Perspective

What is obvious from all the experimental evidence is that it is easier to unravel the cause of the undesirable than it is to explain the desirable effects of neuroleptic drugs. EPSs occur because such drugs all have some D2 antagonist activity and so reduce DA transmission in the striatum. The degree to which they achieve this and whether they are typical or atypical depends on their affinity for D2 striatal receptors, since EPSs

Figure 17.8 Comparison of the antagonist potencies of some neuroleptics on different NT receptors. Data are shown for haloperidol (HAL), chlorpromazine (CPZ), clozapine (CLOZ) and risperidone (RISP) acting on dopamine D1 and D2, 5-HT2 (S2), alpha (a2) adrenoceptors and cholinergic muscarinic receptors (M). The height of each column shows an average of the dissociation constants obtained from a number of publications (see Seeman 1990). The values, which can vary some fiftyfold, are expressed as the negative logarithms (i.e. 9 = 10~9 M,lnM) so that the higher the column, the more potent the compound. The order of potency of the four compounds at each receptor is shown alongside

Figure 17.8 Comparison of the antagonist potencies of some neuroleptics on different NT receptors. Data are shown for haloperidol (HAL), chlorpromazine (CPZ), clozapine (CLOZ) and risperidone (RISP) acting on dopamine D1 and D2, 5-HT2 (S2), alpha (a2) adrenoceptors and cholinergic muscarinic receptors (M). The height of each column shows an average of the dissociation constants obtained from a number of publications (see Seeman 1990). The values, which can vary some fiftyfold, are expressed as the negative logarithms (i.e. 9 = 10~9 M,lnM) so that the higher the column, the more potent the compound. The order of potency of the four compounds at each receptor is shown alongside diminish with low D2 affinity and their ability to block ACh muscarinic or 5-HT2 or other receptors. Trying to translate from in vitro binding studies to an explanation of antipsychotic effectiveness is also made more difficult by the fact that they do not readily distinguish between agonist and antagonist activity. More functional studies of neuroleptic activity in different brain areas is required.

Measuring the expression of the early-immediate gene c-fos supports the striatal role of neuroleptics in the induction of EPSs because although all neuroleptics induce such expression in both the nucleus accumbens and striatum, the atypical neuroleptics do so more in the accumbens while clozapine, but not risperidone, also achieve it in the prefrontal cortex (Robertson, Matsumura and Fibiger 1994). How this arises is uncertain but since risperidone is a more potent 5-HT2 antagonist than clozapine, it cannot be through that mechanism.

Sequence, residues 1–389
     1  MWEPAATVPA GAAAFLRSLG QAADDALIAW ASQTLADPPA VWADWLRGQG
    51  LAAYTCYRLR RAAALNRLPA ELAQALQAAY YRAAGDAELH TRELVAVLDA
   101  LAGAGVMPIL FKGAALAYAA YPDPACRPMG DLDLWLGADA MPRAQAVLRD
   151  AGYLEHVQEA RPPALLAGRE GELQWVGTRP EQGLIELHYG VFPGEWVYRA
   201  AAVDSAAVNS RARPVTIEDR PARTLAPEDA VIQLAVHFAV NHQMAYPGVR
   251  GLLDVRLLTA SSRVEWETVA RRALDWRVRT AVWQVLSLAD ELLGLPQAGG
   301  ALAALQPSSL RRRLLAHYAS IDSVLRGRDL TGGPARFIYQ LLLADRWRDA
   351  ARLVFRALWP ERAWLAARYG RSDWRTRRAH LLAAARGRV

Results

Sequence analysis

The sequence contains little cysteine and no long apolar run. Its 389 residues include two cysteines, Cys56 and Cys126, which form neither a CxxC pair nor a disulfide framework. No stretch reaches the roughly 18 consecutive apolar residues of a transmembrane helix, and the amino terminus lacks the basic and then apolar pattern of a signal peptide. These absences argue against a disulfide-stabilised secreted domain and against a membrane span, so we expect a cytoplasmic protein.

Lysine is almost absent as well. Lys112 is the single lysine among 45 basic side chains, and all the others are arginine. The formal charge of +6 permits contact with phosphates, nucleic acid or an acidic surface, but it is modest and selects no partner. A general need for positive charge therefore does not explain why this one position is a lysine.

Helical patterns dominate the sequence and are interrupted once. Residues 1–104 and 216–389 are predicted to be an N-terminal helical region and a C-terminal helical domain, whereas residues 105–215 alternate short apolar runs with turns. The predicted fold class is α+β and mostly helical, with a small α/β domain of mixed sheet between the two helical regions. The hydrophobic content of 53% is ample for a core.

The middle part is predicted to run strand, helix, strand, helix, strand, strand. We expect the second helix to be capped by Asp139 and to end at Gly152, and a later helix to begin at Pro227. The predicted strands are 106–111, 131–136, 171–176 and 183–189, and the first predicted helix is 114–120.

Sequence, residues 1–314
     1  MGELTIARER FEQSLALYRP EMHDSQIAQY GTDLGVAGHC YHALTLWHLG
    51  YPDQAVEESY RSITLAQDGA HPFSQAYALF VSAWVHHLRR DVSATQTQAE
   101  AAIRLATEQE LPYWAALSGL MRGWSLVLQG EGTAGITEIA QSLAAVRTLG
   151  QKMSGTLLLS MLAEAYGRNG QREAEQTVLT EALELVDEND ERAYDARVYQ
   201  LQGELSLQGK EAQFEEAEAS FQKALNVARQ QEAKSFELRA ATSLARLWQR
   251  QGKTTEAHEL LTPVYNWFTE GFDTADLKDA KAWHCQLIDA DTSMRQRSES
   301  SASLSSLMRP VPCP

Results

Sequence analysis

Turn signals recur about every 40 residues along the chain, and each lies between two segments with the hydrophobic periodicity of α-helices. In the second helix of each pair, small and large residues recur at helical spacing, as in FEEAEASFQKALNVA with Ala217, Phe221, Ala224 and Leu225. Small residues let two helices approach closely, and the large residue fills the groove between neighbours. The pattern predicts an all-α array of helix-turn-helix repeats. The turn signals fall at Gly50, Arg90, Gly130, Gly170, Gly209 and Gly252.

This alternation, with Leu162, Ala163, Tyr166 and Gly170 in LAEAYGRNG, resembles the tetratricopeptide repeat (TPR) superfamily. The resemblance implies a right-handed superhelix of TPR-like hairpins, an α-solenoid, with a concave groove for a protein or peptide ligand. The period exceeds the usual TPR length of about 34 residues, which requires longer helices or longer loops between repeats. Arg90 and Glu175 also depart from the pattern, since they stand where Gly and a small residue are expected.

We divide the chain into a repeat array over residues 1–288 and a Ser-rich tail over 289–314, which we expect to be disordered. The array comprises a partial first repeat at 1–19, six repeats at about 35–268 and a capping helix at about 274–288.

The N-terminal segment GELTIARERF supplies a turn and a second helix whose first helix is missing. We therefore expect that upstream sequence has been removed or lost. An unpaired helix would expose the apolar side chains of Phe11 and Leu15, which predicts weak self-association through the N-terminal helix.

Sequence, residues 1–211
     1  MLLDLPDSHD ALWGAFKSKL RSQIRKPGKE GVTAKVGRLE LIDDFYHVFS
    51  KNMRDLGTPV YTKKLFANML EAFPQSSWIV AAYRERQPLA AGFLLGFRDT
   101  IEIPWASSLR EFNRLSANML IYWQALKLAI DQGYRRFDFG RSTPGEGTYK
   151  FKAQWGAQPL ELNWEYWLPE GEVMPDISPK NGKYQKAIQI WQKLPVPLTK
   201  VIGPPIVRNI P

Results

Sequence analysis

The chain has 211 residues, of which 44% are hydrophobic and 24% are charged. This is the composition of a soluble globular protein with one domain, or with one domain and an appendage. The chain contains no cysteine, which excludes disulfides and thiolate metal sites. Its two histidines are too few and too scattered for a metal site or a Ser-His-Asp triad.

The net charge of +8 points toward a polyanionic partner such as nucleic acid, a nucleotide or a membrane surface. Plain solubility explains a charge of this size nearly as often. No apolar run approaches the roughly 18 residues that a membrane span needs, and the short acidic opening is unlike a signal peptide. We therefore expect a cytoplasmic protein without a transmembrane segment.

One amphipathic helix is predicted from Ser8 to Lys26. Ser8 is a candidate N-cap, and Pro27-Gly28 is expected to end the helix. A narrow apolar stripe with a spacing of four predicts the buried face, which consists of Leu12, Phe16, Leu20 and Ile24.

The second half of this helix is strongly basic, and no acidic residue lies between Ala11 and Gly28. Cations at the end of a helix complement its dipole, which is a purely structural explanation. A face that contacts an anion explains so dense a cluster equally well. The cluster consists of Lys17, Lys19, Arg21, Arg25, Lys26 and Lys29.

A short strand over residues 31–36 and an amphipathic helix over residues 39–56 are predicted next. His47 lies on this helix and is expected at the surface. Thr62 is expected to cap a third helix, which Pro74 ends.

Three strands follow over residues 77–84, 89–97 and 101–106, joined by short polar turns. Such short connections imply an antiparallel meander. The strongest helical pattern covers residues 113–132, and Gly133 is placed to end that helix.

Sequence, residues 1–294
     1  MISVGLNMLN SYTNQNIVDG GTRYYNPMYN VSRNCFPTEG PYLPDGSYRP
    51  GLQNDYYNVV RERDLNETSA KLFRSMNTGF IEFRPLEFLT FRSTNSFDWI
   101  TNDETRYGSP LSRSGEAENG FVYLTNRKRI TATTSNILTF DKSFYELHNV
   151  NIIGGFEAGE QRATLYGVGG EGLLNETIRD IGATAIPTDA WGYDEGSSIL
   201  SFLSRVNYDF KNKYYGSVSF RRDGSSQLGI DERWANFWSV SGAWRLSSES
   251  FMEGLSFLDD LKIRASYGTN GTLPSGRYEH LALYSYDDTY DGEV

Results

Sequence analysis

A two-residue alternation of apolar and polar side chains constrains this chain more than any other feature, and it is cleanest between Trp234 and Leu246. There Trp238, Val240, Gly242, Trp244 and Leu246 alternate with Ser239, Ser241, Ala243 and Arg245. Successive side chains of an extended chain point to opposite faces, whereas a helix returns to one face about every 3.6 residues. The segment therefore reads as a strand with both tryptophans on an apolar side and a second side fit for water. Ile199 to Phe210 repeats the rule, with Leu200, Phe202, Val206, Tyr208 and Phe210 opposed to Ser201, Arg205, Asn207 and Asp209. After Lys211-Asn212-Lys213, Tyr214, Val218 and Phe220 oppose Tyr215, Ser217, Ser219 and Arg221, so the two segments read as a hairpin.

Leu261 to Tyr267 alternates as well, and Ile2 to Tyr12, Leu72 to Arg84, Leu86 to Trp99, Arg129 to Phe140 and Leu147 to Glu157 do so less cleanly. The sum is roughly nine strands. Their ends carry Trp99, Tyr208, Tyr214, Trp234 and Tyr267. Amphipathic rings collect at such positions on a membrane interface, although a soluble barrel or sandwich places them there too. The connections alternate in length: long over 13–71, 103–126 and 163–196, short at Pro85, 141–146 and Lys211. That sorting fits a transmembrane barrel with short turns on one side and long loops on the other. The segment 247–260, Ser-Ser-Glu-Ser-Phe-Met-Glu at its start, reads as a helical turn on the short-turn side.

Establishing the possible site of action of a drug in vivo first and then trying to unravel what it actually does at the cellular or molecular level is an alternative approach to the analysis of drug action. In this respect much was, and is, hoped of PET (SPECT) studies in humans and non-human primates. Of course, these tell us primarily where drugs are not located and therefore certainly do not act. Locating their labelled form in particular brain regions does, however, indicate where they may act, although a high concentration in one area does not automatically make that the drug's primary site of action. Nevertheless, this approach does help to clarify the origin of EPSs since although both typical and atypical drugs appear to bind to limbic and cortical areas to a similar extent it is only the typical ones that show high striatal levels.

On this evidence one can confidently equate EPS with neuroleptic DA receptor (D2) antagonism in the striatum and possibly a reduction in the positive symptoms of schizophrenia through similar action in the limbic system (nucleus accumbens).

brain area prefrontal

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LIMBIC ^SYSTEM NUCLEUS ACCUMBENS

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REQUIRED EFFECT

DA INFLUENCE f ?

NEGATIVE SYMPTOMS

DA INFLUENCE J,

POSITIVE SYMPTOMS

DA INFLUENCE EPSs

TYPICAL

NEUROLEPTIC ATYPICAL

CLOZAPINE

DA INFLUENCE SYMPTOMS

INCREASED

DECREASED

PARTIAL EFFECT

EFFECT J

Figure 17.9 Schematic representation of the proposed activity profile of an ideal neuroleptic. The figure shows DA pathways to the prefrontal cortex, mesolimbic nucleus accumbens and striatum; the effects required for an ideal drug on the DA influence and symptoms there and to what extent they are met by most typical and atypical neuroleptics and by clozapine. Note that while all atypical neuroleptics induce few extrapyramidal u> side-effects (EPSs) few of them, apart from clozapine, have much beneficial effect in overcoming negative symptoms of schizophrenia ^

Whether the amelioration of negative symptoms results from an action in the cortex and, in particular, the prefrontal cortex requires further study. The fact that clozapine, the atypical drug that is currently most effective in this respect, has actions there which are not shown by other compounds is encouraging even though the precise mechanism by which it works remains to be elucidated.

It appears that an ideal neuroleptic may need to reduce DA activity in the mesolimbic system (nucleus accumbens) to counter the positive symptoms of schizophrenia, increase it in the prefrontal cortex to overcome negative symptoms and have little or possibly no effect on it in the striatum so EPSs do not arise (Fig. 17.9). No wonder we still await the ideal drug.

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